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Brazil: Homicides of Children and Teenagers Double in 20 Years – UNICEF Report

Monday, July 20, 2015 3:10
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Human Wrongs Watch

25-year anniversary of the Child and Adolescent Statute presents improvements and challenges, according to UNICEF.*

**Locator map of Brazil. | Author: UN Office for the Coordination of Humanitarian Affairs (OCHA) | Wikimedia Commons

**Locator map of Brazil. | Author: UN Office for the Coordination of Humanitarian Affairs (OCHA) | Wikimedia Commons

BRASÍLIA, Brazil, 16 July 2015 – The number of children and teenagers murdered in Brazil has more than doubled in 20 years, according to a new UNICEF report marking 25 years since the introduction of the Child and Adolescent Statute.
In 2013, 10,500 homicides of adolescents were registered in Brazil, compared to 5,000 cases in 1993 – an increase of over 110 per cent.  In 2013, an average of 28 children and adolescents were killed every day, making Brazil the country with the second largest number of homicides of boys and girls under the age of 19 in the world.

The report, #ECA25years – Improvements and Challenges for Childhood and Adolescence, also found that:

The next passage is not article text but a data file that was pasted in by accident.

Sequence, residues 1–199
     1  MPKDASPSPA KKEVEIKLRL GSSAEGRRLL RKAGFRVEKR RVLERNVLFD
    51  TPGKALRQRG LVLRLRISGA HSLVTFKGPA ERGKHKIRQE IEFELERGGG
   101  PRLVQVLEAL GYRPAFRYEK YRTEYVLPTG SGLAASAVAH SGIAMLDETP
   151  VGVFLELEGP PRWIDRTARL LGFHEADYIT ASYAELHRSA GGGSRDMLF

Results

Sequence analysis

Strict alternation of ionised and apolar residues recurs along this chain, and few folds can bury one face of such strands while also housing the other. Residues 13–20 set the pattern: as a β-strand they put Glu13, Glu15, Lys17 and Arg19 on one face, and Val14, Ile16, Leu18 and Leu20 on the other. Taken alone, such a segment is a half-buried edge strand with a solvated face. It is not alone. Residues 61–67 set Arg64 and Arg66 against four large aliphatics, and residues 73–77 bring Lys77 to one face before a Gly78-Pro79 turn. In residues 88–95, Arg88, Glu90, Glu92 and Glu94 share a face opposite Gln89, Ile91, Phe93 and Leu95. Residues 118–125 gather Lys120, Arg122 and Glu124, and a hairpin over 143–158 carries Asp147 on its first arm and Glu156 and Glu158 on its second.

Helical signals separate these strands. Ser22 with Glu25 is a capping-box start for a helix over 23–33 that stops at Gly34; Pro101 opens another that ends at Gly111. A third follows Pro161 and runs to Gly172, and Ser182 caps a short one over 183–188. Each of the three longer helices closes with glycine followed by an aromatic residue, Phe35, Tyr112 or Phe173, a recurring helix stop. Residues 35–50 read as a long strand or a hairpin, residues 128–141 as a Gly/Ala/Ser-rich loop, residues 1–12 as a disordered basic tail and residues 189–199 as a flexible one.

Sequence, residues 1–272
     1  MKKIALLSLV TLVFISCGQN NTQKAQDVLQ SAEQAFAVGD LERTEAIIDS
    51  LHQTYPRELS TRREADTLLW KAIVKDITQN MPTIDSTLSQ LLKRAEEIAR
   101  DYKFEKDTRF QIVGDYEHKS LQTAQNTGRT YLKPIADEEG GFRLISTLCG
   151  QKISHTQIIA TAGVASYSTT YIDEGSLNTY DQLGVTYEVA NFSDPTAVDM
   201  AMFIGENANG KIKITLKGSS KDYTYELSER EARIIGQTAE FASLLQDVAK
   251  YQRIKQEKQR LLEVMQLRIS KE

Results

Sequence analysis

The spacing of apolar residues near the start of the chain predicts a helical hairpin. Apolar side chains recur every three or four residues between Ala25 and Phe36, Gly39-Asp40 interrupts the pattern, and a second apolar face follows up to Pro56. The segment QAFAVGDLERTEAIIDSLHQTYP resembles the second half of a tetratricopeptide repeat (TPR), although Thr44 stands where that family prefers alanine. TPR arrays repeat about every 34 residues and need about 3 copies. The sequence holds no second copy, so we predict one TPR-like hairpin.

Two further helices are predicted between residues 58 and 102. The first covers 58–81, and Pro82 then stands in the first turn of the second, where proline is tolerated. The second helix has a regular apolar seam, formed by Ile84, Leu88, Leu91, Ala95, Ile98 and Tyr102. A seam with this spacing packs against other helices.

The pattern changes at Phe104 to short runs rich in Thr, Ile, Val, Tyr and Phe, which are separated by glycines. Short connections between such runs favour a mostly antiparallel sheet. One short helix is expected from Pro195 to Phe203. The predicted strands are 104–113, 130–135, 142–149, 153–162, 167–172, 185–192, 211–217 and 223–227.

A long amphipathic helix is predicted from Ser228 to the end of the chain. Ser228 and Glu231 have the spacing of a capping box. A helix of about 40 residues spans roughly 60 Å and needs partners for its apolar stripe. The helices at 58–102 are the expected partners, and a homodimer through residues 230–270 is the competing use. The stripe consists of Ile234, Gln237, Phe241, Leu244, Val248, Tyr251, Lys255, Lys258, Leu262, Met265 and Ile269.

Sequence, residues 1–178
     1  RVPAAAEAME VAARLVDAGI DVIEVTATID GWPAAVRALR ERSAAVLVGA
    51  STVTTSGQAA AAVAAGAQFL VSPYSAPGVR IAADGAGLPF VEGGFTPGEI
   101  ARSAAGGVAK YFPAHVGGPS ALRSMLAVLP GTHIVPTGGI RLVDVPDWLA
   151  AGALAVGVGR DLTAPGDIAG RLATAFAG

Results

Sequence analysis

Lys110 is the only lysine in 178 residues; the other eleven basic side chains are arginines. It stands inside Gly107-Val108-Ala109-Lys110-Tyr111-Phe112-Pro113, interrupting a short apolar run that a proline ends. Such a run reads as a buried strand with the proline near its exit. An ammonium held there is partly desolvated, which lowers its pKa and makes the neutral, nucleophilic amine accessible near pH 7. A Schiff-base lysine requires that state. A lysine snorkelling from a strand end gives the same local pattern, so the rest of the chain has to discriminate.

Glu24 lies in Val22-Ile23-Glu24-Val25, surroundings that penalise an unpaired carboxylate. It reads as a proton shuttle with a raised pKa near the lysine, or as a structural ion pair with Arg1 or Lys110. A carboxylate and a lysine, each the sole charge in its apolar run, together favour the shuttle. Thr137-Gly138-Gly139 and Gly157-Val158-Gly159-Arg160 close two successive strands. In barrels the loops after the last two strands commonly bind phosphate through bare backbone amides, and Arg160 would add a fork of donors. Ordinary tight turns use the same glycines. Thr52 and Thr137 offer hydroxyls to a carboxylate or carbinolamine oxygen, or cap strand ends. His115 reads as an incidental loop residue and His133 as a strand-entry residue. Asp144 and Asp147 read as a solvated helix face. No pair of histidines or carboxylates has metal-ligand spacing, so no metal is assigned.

• Indigenous children are twice as likely as other children to die before reaching the age of one, and they are among the most vulnerable in areas such as education.
  • More than 3 million children and adolescents remain out of school, mostly from poor, Afro-Brazilians, indigenous and quilombolas communities.
  • Maternal mortality remains high, with 61.5 mothers dying per every 100,000 births, from complications related to pregnancy and child birth.

However, the report also highlights that the country has made significant progress since the introduction of the 1990 law, implementing policies and programmes that have ensured the survival and development of millions of Brazilian boys and girls.

For example, Brazil has enabled access to basic education for 93% of its children and adolescents from 4 to 17 years of age. From 1990 to 2013, the percentage of children and adolescents who are out of school decreased from nearly 20 per cent to 7%.

The illiteracy rate among 10 to 18 year-old Brazilians also fell by 88.8 per cent, from 12.5 per cent in 1990 to 1.4 per cent in 2013. The drop was even more significant among Afro-Brazilian adolescents (approximately 91%).

The report #ECA25anos was developed with support from ANDI – Communication and Rights, a civil society organization working for over 20 years to protect the rights of children and adolescents through media and development actions.

Access the report here (only in Portuguese) –

*Source: UNICEF. Go to Original

For more information contact;
Pedro Ivo Alcantara, UNICEF Brazil Telephone: +55 (61) 3035 1947 and (61) 8166 1636 [email protected]

Estela Caparelli, Telephone +55 (61) 3035 1963 and (61) 8166 1648 [email protected]
Rose Foley, UNICEF New York;+1917 340 2582; [email protected]

**Locator map of Brazil. | Author: UN Office for the Coordination of Humanitarian Affairs (OCHA) | Wikimedia Commons


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